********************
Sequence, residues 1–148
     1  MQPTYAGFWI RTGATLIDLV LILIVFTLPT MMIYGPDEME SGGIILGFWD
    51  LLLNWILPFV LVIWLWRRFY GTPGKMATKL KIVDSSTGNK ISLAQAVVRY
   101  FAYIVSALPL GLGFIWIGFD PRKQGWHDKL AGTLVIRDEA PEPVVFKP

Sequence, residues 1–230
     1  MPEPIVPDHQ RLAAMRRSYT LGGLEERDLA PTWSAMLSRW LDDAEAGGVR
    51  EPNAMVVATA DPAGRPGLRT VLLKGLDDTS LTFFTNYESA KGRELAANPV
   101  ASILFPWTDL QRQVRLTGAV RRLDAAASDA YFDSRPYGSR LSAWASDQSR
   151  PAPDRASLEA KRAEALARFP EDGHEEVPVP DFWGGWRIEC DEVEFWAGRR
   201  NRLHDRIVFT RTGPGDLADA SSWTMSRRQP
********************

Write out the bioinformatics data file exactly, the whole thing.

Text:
Sequence, residues 1–148
     1  MQPTYAGFWI RTGATLIDLV LILIVFTLPT MMIYGPDEME SGGIILGFWD
    51  LLLNWILPFV LVIWLWRRFY GTPGKMATKL KIVDSSTGNK ISLAQAVVRY
   101  FAYIVSALPL GLGFIWIGFD PRKQGWHDKL AGTLVIRDEA PEPVVFKP

Sequence, residues 1–230
     1  MPEPIVPDHQ RLAAMRRSYT LGGLEERDLA PTWSAMLSRW LDDAEAGGVR
    51  EPNAMVVATA DPAGRPGLRT VLLKGLDDTS LTFFTNYESA KGRELAANPV
   101  ASILFPWTDL QRQVRLTGAV RRLDAAASDA YFDSRPYGSR LSAWASDQSR
   151  PAPDRASLEA KRAEALARFP EDGHEEVPVP DFWGGWRIEC DEVEFWAGRR
   201  NRLHDRIVFT RTGPGDLADA SSWTMSRRQP